My daughter has a sudden interest in one of literature's great classics: The Phantom of the Opera.
Remember a few weeks back when Sir Andrew Lloyd Weber was on American Idol? Yeah, that's what sparked it. She saw that chandelier fall and she was immediately enthralled. When we were at the library the other day, she came across the book, and insisted we check it out. She proudly handed it to the librarian who asked, "How old is she?" LOL I said "Five. She has good taste." :o)
So we're about 5 chapters into the book. She begs me to read it about every 30 minutes, and if I'm unavailable for reading, she will sit and look at the pictures (there are only a handful of pictures, and she can already tell you about each one of them, but still insists on looking at them some more.) She was even trying to sound out a sentence, but when she got to the word "graveyard" she gave up.
Did you ever see Jersey Girl? Where the little girl has to perform in a talent show and all the other kids pick that song from Cats and she picks Sweeney Todd? That's kind of how I feel. LOL Normal children love classics like Anne of Green Gables or Little House on the Prairie. Mine has opted for ghosts and grave yards and threat letters and crashing chandeliers. Sweet. No wonder she has nightmares.
So I see a ton of opportunities for homeschooling in this interest she's formed. There is, of course, the study of opera music. There is also France itself, where the story takes place, mostly in the city of Paris. She has informed me that she would like to go to Paris. I told her to talk to her step father. :o) Tomorrow we're going to make a French recipe out of a multi-cultural cook book I picked up at the library along with our beloved novel. We can draw the French flag, learn a few French words (I took French in high school, and loved it.) We can talk about what it must have been like to perform in front of all those people, something she loves thinking about ever since the first time I took her to see a live play. I saw Phantom when I was 11 or 12, with my aunt for my birthday. We took a special trip into LA. I remember the awe I felt. When she's a bit older, I hope take her to see a showing of it. In the meantime, I still have my playbill and some other little souvenirs that I need to dig out of the basement. There's also the author of the book, and what his life was like, living in France as a little boy. She went to sleep last night listening to the Phantom theme song, creepy as it is.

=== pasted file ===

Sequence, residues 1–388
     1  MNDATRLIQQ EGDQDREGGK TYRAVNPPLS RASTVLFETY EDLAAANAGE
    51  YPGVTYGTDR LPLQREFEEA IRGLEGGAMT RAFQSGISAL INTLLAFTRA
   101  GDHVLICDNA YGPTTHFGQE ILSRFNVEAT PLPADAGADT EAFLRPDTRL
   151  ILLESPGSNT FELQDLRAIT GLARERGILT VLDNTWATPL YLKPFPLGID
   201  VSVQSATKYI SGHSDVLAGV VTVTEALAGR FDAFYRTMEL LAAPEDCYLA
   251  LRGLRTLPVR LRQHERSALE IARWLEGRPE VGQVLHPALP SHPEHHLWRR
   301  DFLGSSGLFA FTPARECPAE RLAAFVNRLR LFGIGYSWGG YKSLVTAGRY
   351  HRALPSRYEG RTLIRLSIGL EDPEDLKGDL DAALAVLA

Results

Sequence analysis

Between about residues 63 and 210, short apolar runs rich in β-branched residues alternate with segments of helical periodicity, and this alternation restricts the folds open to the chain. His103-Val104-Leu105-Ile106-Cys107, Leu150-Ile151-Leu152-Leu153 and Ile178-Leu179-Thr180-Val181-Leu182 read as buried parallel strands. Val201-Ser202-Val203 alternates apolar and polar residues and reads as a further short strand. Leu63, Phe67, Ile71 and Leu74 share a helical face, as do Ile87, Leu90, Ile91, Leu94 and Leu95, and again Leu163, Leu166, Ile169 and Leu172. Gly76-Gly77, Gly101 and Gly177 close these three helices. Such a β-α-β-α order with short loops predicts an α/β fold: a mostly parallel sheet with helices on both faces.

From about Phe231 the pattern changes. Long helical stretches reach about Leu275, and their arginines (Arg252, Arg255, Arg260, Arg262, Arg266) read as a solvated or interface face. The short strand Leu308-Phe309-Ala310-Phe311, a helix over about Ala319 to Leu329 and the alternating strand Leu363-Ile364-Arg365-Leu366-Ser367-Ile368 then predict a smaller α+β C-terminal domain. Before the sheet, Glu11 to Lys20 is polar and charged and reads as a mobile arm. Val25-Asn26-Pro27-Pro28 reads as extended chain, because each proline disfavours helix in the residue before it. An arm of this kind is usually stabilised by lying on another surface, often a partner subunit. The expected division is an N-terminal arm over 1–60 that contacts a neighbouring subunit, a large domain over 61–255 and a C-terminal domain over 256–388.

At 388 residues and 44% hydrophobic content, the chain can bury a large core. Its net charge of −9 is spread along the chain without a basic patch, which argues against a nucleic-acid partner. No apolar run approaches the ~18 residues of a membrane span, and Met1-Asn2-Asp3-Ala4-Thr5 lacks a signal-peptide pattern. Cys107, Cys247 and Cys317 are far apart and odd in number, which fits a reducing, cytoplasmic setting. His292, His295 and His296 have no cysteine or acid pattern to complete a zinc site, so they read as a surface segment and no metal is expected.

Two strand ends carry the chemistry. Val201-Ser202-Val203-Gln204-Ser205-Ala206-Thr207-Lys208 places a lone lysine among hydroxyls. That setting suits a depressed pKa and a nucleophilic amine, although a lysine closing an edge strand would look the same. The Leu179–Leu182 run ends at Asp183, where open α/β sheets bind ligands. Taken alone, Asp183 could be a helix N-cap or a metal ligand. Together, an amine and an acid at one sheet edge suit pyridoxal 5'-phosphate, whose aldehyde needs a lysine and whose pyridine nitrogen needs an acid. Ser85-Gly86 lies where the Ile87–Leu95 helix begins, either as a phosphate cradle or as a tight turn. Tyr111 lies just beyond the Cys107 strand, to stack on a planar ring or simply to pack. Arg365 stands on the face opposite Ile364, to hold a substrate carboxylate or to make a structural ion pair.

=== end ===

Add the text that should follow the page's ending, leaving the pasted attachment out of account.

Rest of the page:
She has this sort of fascination with graveyards. Not in a twisted way, in a relatively innocent five-year-old sort of way, just that curiosity that sparks whenever something is unknown. Part of me is tempted to take her to visit my brother's grave. She's seen his pictures, and knows that he was my brother, as well as she can for her age and ability to understand. I'm not sure though, that might be pretty heavy for a little girl. It might be better just to let her use her imagination and think what she wants to think for awhile, until she's old enough to really understand. The concept of death is becoming real to her though - if you step on a bug, it dies. If a dog gets cancer, it dies. We have to be careful what we talk about in front of her now, because she understands that death is permanent. How awful. I don't remember when I first understood about death, but it's certainly not a fun subject to discuss with a little girl!
Anyhow, I suppose it's time for me to start researching Phantom-era Paris. I'd love to find some real photos of old opera houses. And I need to find a picture of baby squirrels. She asked me today what they look like.
Wikipedia, here I come. How did anyone homeschool before the invention of Wikipedia? I'll never know...